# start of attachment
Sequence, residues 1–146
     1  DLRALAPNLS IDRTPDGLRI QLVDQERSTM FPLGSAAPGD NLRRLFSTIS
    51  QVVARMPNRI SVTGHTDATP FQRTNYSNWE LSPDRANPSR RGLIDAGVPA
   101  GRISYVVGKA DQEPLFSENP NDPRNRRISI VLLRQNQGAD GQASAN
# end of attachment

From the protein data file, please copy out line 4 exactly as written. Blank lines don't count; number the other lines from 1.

   101  GRISYVVGKA DQEPLFSENP NDPRNRRISI VLLRQNQGAD GQASAN